- available power = difference between the max demand power and the (extended with 2,3 MW) observed demand
- available energy: translation of this power (curve), the (reduced by 2,3 MW) bright green area presented above, in absolute values
In this histogram table, the following elements meaning are:
- ‘Charge: 6 kWh/day.car’: average necessary daily charging for an EV = 6 kWh
- max: the maximal amount of EV’s that can be charged (during the lowest consumption day), 19.029.577 EV’s
- min: the minimal amount of EV’s that can be charged (during the highest consumption day), 1.904.583 EV’s
- # classes: the amount of buckets used, 10 would be to coarse, 100 to long to present here, thus 40
- interval: bucket size, the amount of EV’s over which each class spans (difference between sup and inf)
- inf: lower bound of each class interval, from .. EV’s
- sup: upper bound of each class interval, to .. EV’s
- centre: the amount of EV’s representing the centre of the interval (i.e. [sup + inf]/2)
- count: the amount of days where the amount of EV’s that can be charged lays between inf and sup
- cumul: the amount of days during which at least the inf amount of EV’s can be charged, 365 meaning during the all year
The % column on the left, is the ratio of inf/total_mount_of_personal_cars (5.853.782 in August 2018, according to Statbel).
The first line of table tells the following: during the highest consumption day, the today existing grid can afford 1.904.583 charges of 6kWh, spread over 22h along the day; only 2 days in the year impose this limitation; this amount of EV charging can occur 365 days in a year. Do not forget this figure does not include the use of any part of the existing reserve.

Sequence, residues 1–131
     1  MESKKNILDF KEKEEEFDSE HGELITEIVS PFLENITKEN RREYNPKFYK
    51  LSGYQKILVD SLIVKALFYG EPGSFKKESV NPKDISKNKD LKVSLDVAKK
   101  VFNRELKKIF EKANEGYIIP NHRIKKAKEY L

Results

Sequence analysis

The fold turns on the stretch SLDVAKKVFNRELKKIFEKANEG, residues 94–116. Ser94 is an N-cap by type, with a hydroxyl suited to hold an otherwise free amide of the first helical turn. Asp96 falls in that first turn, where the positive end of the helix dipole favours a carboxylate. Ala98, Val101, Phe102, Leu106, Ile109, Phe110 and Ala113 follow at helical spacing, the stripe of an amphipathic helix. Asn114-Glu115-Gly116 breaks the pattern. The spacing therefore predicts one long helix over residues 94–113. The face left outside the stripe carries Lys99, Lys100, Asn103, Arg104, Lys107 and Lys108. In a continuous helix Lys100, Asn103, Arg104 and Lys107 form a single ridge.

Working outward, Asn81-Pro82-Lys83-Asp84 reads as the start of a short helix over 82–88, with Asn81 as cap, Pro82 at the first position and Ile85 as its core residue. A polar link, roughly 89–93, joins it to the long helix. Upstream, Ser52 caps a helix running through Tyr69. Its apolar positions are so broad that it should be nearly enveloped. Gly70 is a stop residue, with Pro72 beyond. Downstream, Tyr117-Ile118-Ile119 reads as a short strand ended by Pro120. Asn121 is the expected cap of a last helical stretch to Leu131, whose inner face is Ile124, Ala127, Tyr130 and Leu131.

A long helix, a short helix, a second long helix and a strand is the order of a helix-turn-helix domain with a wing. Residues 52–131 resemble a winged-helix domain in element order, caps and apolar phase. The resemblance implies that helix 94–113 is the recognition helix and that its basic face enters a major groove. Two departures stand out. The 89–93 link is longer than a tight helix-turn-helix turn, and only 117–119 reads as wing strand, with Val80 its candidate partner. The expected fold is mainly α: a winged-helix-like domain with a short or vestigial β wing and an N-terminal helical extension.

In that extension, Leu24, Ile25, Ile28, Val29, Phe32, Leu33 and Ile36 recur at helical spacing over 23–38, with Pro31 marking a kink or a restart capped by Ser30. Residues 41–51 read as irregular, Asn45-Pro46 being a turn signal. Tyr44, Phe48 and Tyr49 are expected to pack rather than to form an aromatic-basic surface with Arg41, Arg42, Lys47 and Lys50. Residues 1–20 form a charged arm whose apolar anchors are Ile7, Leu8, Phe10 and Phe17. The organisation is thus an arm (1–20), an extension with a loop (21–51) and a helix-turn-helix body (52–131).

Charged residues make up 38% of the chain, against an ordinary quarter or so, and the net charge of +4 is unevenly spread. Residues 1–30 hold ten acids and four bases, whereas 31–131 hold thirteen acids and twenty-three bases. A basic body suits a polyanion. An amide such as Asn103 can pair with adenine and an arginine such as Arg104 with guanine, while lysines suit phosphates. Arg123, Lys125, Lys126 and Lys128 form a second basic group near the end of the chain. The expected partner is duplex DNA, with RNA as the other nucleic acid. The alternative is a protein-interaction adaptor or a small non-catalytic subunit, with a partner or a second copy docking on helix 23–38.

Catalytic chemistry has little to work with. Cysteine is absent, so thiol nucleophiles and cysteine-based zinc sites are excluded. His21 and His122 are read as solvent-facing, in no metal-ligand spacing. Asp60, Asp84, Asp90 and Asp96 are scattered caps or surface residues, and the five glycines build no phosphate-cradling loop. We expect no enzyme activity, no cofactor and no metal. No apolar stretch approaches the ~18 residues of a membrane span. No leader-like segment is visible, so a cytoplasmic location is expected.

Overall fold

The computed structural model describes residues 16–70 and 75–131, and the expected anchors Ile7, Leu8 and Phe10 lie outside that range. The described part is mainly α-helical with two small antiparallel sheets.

If the grid must afford, right now in once, the charging of the 5.853.782 EV’s, thus 100% in leftmost column of the table (thus between the 98% and 106% lines), it would be able to do so during 310 to 321 days of the year.
Today, there are about 10.000 EV’s in Belgium. The car renewing period is above 5 years, and the most optimistic previsions do not exceed 1.000.000 EV’s in Belgium before 2030. During this time interval, the global electricity consumption should have substantially decreased, freeing-up more grid power for still more EV’s than calculated now.
Smart charging, thus the use of the remaining grid available power, to charge the EV’s at every moment of the day, is thus possible, already as of today, for 2.000.000 to 4.000.000 EV’s.
Empowering the use of the grid over the whole day will require to enable the charging during the entire day, across the country. This can be achieved by deploying very simple 16A (3,7 kW) ‘secured’ plugs along the streets, tapped onto the existing grid wires (e.g. in the public lighting poles). The EV charging can then be modulated vs the max_line, and furthermore, the EV could be used for grid regulation, provided a fair agreement between grid and owners. Faster chargers could be installed for long drivers or punctual uses, by private companies, where (economically) suitable.
The EV will thus rather enable to optimize the grid investment (already made as to plan in the future) than overload it. Since this optimization (more selling for the same investment) will benefit to the grid operator and (via tariffs reduction) to all grid users (the entire society thus), the EV owners would better be granted a discount/incentive on their grid connection and grid usage. This would help citizens to make the investment in EV and reduce strongly our environmental footprint for the transportation (see previous article: https://edenergy.be/archives/1364?lang=en).